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Meet ‘stateless’ man who has been stranded at JKIA for four months

A man has been living at the Jomo Kenyatta International Airport (JKIA) for the past four months after he was denied entry into three countries, including his motherland.

He is now a victim of international aviation rules, and has been staying at the no-man’s section of the airport. The burden has been left to Kenya Airways, the airline he used to travel.

Mr Mohamed Hussein Bloushu told the Nation he has known no other home but the United Arab Emirates.

The 44-year-old said his problems started in 2015 when he was arrested in the Emirates for being in possession of bhang and was released after a year and eight months in jail.

“I was then put on a plane to the Comoros since I had been issued the country’s passport by my government in 2013,” he said.


Aboard a Kenya Airways flight, he landed at JKIA on October 27 last year on his way to the archipelago, off the south-east coast of Africa.

He was denied entry after Comoros authorities disowned him, saying his passport was not reflected in their database.

Kenya Airways was forced to fly him back to Nairobi the following day with the hope of returning him to the country of his last embarkment — the UAE.

“When I landed at Dubai, they disowned me and said I should be in Comoros because I have the country’s passport,” said Mr Bloushu. He was promptly returned to JKIA.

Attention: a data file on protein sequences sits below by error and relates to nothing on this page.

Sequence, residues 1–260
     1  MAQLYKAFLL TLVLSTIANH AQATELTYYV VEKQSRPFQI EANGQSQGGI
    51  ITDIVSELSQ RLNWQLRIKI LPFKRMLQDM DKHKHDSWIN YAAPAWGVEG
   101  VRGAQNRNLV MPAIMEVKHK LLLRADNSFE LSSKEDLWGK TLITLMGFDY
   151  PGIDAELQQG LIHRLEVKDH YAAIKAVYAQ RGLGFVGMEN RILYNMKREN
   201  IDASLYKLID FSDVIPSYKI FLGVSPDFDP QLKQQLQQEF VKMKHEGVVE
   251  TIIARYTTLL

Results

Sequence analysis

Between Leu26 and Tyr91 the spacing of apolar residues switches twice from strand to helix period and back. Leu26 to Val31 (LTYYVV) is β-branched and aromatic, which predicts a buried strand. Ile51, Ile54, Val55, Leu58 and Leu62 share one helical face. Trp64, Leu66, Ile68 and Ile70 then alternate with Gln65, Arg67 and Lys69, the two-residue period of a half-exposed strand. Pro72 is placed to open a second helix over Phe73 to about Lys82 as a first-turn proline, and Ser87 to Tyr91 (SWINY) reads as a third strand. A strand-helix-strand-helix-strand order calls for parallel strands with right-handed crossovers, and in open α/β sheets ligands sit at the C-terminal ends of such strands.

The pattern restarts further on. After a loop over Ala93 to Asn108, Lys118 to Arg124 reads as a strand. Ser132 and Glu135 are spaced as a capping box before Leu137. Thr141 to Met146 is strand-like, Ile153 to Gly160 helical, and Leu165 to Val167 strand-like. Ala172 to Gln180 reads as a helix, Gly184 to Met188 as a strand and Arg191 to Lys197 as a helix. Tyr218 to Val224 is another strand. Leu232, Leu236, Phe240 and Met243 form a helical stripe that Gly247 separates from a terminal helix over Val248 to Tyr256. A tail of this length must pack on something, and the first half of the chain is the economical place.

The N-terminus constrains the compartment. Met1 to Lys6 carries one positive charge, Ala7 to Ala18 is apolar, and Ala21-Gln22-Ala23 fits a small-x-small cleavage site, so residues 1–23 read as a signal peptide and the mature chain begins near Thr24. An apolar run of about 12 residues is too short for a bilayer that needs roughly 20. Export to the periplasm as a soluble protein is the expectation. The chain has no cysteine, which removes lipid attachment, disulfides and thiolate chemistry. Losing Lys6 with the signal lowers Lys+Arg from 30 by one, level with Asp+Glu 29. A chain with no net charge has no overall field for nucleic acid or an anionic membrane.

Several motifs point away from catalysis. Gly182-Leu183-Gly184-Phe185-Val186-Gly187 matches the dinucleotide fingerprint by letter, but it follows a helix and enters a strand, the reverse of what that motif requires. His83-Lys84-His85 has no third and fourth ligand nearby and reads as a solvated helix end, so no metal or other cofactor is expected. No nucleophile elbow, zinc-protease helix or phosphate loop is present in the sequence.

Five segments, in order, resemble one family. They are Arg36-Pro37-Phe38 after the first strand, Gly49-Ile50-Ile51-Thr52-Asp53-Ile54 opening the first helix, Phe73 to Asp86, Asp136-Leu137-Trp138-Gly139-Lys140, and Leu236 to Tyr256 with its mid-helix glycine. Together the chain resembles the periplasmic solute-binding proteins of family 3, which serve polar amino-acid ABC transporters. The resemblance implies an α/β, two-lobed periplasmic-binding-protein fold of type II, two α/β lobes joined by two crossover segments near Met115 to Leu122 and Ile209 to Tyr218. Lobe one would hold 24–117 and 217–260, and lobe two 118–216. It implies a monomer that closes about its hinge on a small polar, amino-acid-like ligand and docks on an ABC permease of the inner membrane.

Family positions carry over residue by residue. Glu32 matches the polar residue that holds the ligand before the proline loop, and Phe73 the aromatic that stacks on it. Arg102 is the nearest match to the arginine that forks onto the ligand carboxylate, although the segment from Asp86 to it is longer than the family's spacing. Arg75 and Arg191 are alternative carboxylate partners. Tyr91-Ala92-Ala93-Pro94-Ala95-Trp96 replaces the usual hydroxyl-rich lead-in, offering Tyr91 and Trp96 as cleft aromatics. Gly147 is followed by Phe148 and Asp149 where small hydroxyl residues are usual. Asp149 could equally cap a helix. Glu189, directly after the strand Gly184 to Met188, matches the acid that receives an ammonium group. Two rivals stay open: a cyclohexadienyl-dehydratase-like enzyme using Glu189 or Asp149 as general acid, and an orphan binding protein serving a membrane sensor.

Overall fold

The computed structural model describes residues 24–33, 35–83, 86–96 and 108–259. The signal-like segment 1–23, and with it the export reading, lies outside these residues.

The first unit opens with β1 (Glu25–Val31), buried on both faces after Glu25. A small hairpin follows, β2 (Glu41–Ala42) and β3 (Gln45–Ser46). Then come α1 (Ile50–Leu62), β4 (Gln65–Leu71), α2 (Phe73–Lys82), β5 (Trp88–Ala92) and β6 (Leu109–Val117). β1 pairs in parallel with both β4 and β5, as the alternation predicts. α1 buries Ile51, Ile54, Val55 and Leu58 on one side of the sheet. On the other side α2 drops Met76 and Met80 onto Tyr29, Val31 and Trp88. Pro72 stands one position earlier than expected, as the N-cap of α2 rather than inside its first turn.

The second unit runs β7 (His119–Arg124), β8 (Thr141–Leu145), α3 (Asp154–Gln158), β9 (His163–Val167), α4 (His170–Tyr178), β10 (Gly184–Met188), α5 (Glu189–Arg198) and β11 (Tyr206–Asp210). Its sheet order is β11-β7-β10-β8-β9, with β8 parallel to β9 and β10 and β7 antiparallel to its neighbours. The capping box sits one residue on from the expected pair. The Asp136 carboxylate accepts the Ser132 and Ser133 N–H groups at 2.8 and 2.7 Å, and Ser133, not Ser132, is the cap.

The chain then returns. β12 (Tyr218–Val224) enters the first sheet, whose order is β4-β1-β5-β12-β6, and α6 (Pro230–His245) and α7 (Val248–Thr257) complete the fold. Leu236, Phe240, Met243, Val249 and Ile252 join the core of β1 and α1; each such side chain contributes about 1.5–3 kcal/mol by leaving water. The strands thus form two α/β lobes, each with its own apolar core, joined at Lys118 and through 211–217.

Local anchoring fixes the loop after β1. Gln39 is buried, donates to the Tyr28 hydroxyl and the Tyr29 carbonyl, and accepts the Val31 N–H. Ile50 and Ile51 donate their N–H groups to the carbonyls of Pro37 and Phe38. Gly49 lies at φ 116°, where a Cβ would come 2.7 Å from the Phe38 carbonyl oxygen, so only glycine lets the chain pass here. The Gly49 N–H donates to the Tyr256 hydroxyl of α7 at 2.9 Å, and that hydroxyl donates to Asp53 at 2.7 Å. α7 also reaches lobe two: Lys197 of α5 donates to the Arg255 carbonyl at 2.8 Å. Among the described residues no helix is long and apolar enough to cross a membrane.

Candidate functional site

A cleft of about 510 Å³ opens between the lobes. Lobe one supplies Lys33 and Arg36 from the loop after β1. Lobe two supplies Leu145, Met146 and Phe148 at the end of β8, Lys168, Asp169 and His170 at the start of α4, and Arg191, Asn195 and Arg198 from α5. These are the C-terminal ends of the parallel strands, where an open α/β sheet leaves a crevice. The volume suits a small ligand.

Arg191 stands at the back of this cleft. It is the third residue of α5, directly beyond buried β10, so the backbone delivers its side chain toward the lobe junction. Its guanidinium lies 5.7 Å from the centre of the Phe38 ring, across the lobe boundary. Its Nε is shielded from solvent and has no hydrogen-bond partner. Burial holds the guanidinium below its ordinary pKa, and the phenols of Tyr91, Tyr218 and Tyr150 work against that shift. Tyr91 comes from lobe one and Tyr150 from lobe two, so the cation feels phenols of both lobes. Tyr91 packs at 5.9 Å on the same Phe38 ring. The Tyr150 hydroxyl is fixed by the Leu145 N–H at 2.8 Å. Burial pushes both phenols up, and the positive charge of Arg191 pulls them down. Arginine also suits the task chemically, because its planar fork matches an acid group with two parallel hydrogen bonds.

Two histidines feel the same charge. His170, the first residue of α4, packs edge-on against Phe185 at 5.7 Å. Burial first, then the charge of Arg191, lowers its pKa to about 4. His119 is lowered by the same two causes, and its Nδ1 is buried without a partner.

While held up at JKIA and working with Kenya Airways, he made arrangements to travel to Philippines since holders of a Comoros passport do not need a visa to enter the country.


“I was transiting through Bangkok but I was held at the airport because I had two months and 20 days remaining on my transit visa. They said my visa should read at least three months,” said Mr Bloushu.

He was again put on a flight to the Comoros where, for the second time, he was refused entry. Kenya Airways had to again take him as dictated by international rules and regulations.

With nowhere to go, the airline requested the Immigration department to shelter the man, who is only fluent in Arabic, in the holding rooms.

The airline provides him with meals, including breakfast, lunch and supper.

Mr Bloushu is also in communication with his family since he is allowed to keep a mobile phone and is connected to the internet.